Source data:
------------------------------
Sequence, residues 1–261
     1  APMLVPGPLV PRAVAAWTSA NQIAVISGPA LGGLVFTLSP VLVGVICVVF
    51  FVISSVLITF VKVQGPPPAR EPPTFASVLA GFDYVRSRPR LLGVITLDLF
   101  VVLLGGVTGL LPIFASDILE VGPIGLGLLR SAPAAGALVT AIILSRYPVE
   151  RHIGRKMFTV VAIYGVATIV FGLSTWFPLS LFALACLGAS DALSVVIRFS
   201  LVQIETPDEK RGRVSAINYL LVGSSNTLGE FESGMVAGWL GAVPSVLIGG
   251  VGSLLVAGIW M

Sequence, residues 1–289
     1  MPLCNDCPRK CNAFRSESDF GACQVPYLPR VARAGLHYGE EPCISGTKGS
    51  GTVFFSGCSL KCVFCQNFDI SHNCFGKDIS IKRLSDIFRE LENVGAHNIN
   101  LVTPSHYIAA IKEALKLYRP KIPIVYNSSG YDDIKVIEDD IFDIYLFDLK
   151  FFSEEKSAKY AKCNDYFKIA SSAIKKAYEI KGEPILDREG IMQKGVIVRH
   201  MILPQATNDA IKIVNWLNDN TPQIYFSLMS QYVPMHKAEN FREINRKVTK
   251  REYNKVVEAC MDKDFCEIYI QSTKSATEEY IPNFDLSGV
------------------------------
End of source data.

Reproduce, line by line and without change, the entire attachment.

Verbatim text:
Sequence, residues 1–261
     1  APMLVPGPLV PRAVAAWTSA NQIAVISGPA LGGLVFTLSP VLVGVICVVF
    51  FVISSVLITF VKVQGPPPAR EPPTFASVLA GFDYVRSRPR LLGVITLDLF
   101  VVLLGGVTGL LPIFASDILE VGPIGLGLLR SAPAAGALVT AIILSRYPVE
   151  RHIGRKMFTV VAIYGVATIV FGLSTWFPLS LFALACLGAS DALSVVIRFS
   201  LVQIETPDEK RGRVSAINYL LVGSSNTLGE FESGMVAGWL GAVPSVLIGG
   251  VGSLLVAGIW M

Sequence, residues 1–289
     1  MPLCNDCPRK CNAFRSESDF GACQVPYLPR VARAGLHYGE EPCISGTKGS
    51  GTVFFSGCSL KCVFCQNFDI SHNCFGKDIS IKRLSDIFRE LENVGAHNIN
   101  LVTPSHYIAA IKEALKLYRP KIPIVYNSSG YDDIKVIEDD IFDIYLFDLK
   151  FFSEEKSAKY AKCNDYFKIA SSAIKKAYEI KGEPILDREG IMQKGVIVRH
   201  MILPQATNDA IKIVNWLNDN TPQIYFSLMS QYVPMHKAEN FREINRKVTK
   251  REYNKVVEAC MDKDFCEIYI QSTKSATEEY IPNFDLSGV